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Newcastle Fast Facts
- State: NSW
- Famous for/as: beautiful beaches,rich maritime history,vibrant arts culture, cool bars and acclaimed restaurants
- Population: 288,732 (2006)
- Area: 261.8 kmē (101.1 sq mi)
- Altitude: 9 m (30 ft)
- Language: Spanish,British English
- Best Season:
- Local Transport:
- Pincode: 2300
- STDCode: 02
- 361 Hunter St
Newcastle, NSW, 2300
Newcastle, Australia Overview
Perched between a working harbour and beautiful beaches, Newcastle is a vibrant cosmopolitan city, with a rich maritime history, vibrant arts culture, cool bars and acclaimed restaurants. Few cities are lucky enough to have so many fabulous beaches so close to the city centre;Merewether, Bar, Newcastle and Nobbys Beach are popular surfing and fishing locations. Merewether is also one of Australia's National Surfing Reserves and home to the international Surfest surfing competition held in March each year.
For a walk through Newcastle's past, head to Fort Scratchley Historic Site which is in a commanding position guarding the Hunter River estuary. The historic Bogey Hole at Newcastle Beach is a hand-hewn ocean rock pool carved out of a cliff face by convicts in the 19th century while Merewether Ocean Baths is the largest in the southern hemisphere.
The emerging food scene here is evident in the great restaurants, bars and outdoor cafés around the city. Sip cocktails at one of the many harbourside restaurants or bars at Honeysuckle or head to Beaumont Street in Hamilton to dine at outdoor mediterranean-style cafes. Darby Street, in Cooks Hill, is a bohemian strip with eclectic boutiques, bookshops and cafés just perfect for a late breakfast.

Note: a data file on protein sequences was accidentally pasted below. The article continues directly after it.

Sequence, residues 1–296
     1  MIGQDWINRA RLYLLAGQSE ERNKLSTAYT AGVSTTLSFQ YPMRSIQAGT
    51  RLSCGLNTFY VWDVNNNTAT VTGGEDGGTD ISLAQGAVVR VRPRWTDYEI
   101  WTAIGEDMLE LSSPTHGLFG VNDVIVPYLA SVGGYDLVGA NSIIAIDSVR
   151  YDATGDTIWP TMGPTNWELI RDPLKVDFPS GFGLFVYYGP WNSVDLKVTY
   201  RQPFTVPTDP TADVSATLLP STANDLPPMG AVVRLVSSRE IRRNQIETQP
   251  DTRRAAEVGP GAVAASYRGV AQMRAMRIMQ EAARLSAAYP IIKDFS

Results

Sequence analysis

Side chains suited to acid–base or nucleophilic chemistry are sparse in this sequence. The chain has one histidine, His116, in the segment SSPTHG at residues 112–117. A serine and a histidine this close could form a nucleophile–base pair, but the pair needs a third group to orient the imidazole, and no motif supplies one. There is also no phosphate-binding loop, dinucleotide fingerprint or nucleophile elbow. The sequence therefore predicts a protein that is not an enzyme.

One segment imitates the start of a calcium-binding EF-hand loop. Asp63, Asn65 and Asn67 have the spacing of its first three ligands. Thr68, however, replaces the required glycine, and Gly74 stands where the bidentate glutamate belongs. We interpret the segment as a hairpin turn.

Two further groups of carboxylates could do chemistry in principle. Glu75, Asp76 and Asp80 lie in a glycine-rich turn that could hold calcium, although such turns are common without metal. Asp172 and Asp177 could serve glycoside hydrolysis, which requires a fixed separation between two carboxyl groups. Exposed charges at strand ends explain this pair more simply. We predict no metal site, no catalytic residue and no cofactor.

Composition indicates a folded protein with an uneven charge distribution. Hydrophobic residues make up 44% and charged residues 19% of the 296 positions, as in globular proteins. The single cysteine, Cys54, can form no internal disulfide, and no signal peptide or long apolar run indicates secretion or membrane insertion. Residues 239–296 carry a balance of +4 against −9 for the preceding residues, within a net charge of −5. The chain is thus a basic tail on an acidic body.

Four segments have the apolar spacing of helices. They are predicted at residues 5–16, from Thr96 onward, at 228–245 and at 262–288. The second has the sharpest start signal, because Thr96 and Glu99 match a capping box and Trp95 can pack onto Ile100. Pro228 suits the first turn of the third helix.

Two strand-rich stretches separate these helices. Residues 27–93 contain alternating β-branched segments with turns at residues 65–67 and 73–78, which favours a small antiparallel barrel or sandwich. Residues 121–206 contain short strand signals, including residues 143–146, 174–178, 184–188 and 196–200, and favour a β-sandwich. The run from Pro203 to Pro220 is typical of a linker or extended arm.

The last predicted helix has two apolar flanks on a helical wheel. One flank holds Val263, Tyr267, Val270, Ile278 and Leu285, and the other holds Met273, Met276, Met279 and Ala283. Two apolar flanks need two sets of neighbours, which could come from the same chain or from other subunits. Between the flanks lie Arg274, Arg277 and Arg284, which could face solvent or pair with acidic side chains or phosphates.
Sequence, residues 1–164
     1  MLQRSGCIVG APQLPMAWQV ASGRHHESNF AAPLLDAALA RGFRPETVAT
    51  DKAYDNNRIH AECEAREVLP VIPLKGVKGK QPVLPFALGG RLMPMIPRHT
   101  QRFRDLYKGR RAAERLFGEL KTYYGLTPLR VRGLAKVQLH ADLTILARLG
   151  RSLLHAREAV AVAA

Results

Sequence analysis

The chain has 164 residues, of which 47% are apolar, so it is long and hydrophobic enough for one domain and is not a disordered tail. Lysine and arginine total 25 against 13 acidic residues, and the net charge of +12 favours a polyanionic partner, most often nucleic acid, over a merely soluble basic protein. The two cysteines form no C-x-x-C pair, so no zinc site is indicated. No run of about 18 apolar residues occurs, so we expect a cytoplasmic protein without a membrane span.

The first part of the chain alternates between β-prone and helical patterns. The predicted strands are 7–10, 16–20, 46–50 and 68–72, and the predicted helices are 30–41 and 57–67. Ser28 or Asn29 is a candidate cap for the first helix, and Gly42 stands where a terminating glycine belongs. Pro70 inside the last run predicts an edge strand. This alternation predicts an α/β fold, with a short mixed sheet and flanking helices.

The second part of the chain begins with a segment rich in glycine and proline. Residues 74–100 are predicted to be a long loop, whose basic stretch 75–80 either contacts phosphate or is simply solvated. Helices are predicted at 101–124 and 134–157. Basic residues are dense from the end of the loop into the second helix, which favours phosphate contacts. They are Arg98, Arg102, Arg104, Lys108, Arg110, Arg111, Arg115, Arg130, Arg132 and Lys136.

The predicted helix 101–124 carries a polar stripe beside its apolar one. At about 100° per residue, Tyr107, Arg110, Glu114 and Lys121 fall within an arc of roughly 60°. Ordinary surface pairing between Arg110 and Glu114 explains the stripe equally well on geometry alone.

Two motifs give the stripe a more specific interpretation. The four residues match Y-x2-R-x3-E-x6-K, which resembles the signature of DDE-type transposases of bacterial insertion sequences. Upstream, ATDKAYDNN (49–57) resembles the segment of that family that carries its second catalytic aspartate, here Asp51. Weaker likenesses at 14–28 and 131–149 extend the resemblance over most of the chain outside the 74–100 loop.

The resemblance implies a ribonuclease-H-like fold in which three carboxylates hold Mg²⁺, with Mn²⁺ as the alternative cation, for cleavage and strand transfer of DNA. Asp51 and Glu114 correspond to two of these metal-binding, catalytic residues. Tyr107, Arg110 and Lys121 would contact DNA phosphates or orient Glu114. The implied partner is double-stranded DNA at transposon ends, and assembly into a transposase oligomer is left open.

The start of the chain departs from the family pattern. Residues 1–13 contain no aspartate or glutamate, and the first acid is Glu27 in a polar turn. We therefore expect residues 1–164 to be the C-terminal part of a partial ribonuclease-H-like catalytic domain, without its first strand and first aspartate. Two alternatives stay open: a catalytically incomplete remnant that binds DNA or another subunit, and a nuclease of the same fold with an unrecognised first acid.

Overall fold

Newcastle's arts scene has always been vibrant - check out the cluster of galleries and boutiques along Darby Street, Newcastle East and Cooks Hill. Enjoy a performance at the beautiful art-deco Civic Theatre and don't miss a visit to Newcastle Art Gallery, one of Australia's leading regional galleries.
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Must See Places in Newcastle, Australia
Newcastle, Australia History
The Awabakal and Worimi peoples are recognised and acknowledged as traditional custodians of the land and waters of the Newcastle area.
The earliest Aboriginal reference to the naming of Newcastle is Muloobinba (meaning Mu-lu-bin [edible sea fern] -ba [place of)].
Following European settlement, Newcastle became a penal station, a coal town, a steel city. It has a working port, and is steeped in a long heritage of labour and trade unonism